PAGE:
Look for Poetry Resources Online

I follow the Poetry Foundation online. They’re a pretty old and venerable organization that publishes a well known poetry journal. Online, they do a lot to reach out to people. You could check out their podcasts, or subscribe to get a newsletter and a poem a day in your email, which is a cut above the spam that normally gets blasted into my  inbox by other organizations. If you live in or near Chicago, their headquarters, you can use the newsletter to learn about events they are holding and attend them.

You also have sites like Poetry Out Loud, which focuses on poetry that’s recited or performed. It’s got a good mixture of old and new works on display, and tips for people reciting poetry themselves. This showcases the dynamic community that’s formed around making poetry live by performing it. They also have teaching resources and information about their poetry performance contests as well.

There are also sites like poets.org or poemhunter.com, which help you find any specific poem you might be looking for. poetry.org is great for looking up poetry by the poet, while poemhunter.com allows you to explore poems according to themes or forms. Each one is dedicated to sharing poetry in it’s own special way.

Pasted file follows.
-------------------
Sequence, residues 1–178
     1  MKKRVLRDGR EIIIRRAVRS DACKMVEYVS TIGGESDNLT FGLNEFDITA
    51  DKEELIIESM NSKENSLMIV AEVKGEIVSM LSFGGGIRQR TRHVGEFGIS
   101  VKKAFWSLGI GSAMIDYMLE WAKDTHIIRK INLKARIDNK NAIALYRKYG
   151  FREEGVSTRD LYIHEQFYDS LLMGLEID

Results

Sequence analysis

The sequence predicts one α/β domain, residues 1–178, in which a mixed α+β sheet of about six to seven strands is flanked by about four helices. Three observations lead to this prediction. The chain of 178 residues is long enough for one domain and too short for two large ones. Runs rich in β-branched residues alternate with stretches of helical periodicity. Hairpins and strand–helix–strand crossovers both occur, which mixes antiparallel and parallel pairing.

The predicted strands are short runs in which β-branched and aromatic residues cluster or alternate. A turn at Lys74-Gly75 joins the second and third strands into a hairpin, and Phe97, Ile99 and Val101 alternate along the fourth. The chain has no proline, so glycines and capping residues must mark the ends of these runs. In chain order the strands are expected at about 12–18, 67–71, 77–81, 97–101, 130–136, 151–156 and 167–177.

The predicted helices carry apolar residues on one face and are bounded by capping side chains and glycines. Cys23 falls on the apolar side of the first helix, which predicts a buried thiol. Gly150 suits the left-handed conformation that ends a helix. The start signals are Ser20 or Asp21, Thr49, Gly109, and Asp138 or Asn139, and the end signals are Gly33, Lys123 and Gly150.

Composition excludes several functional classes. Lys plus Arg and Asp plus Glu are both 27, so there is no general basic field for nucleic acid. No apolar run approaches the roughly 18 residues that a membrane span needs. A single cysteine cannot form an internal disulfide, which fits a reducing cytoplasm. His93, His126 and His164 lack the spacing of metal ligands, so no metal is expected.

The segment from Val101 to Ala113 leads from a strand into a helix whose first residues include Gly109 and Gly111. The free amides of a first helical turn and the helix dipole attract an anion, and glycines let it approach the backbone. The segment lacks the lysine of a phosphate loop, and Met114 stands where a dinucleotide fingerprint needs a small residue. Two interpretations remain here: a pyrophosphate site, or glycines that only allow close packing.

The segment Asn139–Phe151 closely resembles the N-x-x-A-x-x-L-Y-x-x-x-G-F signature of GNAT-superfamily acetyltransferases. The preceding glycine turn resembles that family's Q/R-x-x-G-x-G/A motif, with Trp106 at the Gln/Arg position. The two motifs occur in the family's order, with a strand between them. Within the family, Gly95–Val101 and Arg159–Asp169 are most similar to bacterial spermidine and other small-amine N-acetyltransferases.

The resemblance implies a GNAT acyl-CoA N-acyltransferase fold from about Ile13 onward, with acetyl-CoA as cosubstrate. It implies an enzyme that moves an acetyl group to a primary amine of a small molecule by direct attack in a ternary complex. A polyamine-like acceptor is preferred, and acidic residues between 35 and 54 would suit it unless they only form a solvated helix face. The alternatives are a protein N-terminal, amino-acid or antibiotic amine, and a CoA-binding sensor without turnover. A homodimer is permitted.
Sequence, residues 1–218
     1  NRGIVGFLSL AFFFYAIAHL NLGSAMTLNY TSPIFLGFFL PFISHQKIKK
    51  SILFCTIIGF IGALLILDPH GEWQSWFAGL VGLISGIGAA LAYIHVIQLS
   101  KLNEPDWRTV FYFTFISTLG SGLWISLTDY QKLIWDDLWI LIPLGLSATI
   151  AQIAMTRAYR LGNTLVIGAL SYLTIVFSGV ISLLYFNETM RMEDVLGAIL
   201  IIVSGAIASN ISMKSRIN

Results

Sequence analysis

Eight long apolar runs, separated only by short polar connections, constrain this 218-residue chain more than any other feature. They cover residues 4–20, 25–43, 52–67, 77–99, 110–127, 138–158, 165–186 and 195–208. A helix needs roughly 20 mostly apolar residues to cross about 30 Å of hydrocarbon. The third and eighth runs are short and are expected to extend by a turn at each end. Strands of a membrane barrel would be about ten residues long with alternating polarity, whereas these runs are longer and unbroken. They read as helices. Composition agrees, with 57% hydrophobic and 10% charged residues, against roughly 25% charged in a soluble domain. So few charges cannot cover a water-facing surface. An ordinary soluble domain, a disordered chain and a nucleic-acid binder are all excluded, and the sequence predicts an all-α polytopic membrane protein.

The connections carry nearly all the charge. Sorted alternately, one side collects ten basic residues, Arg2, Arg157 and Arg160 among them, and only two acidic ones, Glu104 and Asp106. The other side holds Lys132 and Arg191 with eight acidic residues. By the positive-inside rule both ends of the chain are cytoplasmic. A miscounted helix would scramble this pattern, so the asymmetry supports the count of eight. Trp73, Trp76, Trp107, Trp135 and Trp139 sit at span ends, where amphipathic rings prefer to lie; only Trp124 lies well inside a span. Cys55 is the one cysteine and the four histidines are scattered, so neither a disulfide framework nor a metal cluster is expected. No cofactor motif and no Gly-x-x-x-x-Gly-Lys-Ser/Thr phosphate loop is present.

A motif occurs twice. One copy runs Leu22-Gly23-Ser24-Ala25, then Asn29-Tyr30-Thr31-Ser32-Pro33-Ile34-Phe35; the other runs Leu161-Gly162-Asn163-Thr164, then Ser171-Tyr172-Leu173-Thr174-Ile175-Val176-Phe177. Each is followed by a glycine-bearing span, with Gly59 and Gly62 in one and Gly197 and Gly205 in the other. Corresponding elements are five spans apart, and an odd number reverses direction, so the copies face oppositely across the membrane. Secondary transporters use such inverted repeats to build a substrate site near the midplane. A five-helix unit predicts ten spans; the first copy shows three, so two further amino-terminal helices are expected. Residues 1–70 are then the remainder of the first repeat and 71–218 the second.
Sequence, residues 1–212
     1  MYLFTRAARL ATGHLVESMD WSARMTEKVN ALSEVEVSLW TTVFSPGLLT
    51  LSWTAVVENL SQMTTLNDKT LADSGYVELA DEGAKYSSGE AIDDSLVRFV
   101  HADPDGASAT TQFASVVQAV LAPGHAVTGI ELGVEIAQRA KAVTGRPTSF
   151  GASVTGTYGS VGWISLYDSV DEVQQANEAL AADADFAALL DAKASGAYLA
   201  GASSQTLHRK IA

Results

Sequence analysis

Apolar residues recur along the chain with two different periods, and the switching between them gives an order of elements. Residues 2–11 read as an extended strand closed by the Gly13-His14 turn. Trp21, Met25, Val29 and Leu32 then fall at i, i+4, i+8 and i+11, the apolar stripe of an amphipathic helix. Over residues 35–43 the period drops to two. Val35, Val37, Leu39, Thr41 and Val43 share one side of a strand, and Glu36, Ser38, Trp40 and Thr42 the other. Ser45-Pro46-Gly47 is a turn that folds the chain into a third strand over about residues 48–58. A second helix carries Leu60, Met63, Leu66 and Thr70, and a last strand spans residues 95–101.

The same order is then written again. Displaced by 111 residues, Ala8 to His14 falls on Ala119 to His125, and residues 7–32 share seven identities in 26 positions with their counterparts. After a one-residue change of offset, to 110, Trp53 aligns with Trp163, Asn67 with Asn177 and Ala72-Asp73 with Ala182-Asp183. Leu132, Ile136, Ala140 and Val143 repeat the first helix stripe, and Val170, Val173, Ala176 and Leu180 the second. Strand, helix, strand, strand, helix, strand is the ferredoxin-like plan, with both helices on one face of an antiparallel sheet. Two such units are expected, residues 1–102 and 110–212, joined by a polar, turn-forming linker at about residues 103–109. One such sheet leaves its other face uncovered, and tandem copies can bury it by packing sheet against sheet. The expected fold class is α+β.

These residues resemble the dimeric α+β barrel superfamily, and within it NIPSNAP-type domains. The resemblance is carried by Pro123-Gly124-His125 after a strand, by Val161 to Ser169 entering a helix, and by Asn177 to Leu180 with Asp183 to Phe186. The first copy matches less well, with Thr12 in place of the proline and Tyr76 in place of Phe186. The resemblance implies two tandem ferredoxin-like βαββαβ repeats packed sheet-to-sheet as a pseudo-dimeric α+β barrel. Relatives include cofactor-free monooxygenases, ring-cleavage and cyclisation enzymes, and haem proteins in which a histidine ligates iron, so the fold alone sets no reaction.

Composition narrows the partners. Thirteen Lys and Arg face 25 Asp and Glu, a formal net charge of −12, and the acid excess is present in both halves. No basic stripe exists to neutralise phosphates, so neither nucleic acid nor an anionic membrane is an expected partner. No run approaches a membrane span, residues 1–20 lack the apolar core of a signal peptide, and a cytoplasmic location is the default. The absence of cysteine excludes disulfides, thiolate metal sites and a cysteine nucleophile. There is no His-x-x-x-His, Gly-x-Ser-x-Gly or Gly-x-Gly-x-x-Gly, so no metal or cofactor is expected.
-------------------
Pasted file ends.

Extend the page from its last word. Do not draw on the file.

Poem in Your Pocket Day

This is where we start to get Inception like, with a holiday within a holiday. On April 27th, choose a poem to carry around on a piece of paper folded up inside your pocket, taking it out and sharing it with people whenever you can. It’s a cute idea of a holiday created by the Academy of American Poets to increase awareness of National Poetry Month. There’s a number of posts and sites dedicated to creating cute little templates and layouts. With all the poets and poems you found thanks to the previous two steps, you should have no problem finding a poem to share.

Those are just a few ideas that will hopefully help you start your National Poetry Month off right. I hope you will use this April as an excuse to explore poetry, find new things you like, and share them with people that could use a little poetry in their lives. You’ll be hearing more from me about poetry this month, so keep an eye out for more poetry recommendations and reviews.